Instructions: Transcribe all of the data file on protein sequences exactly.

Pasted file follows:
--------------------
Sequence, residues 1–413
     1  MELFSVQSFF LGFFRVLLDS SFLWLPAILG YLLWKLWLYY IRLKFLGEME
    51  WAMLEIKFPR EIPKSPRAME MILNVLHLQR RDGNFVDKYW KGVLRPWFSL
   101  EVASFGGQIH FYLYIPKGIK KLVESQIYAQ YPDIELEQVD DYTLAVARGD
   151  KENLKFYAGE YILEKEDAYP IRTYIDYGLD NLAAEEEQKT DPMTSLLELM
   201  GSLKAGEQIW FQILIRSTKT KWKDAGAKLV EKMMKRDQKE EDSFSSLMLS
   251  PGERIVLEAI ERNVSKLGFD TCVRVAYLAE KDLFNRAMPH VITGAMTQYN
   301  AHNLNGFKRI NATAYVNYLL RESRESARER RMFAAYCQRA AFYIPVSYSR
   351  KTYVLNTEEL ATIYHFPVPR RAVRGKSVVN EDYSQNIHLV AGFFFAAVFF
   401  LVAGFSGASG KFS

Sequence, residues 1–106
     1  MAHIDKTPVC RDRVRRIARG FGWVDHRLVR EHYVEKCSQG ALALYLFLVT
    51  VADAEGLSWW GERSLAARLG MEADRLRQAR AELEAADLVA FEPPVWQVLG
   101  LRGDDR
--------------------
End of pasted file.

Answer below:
Sequence, residues 1–413
     1  MELFSVQSFF LGFFRVLLDS SFLWLPAILG YLLWKLWLYY IRLKFLGEME
    51  WAMLEIKFPR EIPKSPRAME MILNVLHLQR RDGNFVDKYW KGVLRPWFSL
   101  EVASFGGQIH FYLYIPKGIK KLVESQIYAQ YPDIELEQVD DYTLAVARGD
   151  KENLKFYAGE YILEKEDAYP IRTYIDYGLD NLAAEEEQKT DPMTSLLELM
   201  GSLKAGEQIW FQILIRSTKT KWKDAGAKLV EKMMKRDQKE EDSFSSLMLS
   251  PGERIVLEAI ERNVSKLGFD TCVRVAYLAE KDLFNRAMPH VITGAMTQYN
   301  AHNLNGFKRI NATAYVNYLL RESRESARER RMFAAYCQRA AFYIPVSYSR
   351  KTYVLNTEEL ATIYHFPVPR RAVRGKSVVN EDYSQNIHLV AGFFFAAVFF
   401  LVAGFSGASG KFS

Sequence, residues 1–106
     1  MAHIDKTPVC RDRVRRIARG FGWVDHRLVR EHYVEKCSQG ALALYLFLVT
    51  VADAEGLSWW GERSLAARLG MEADRLRQAR AELEAADLVA FEPPVWQVLG
   101  LRGDDR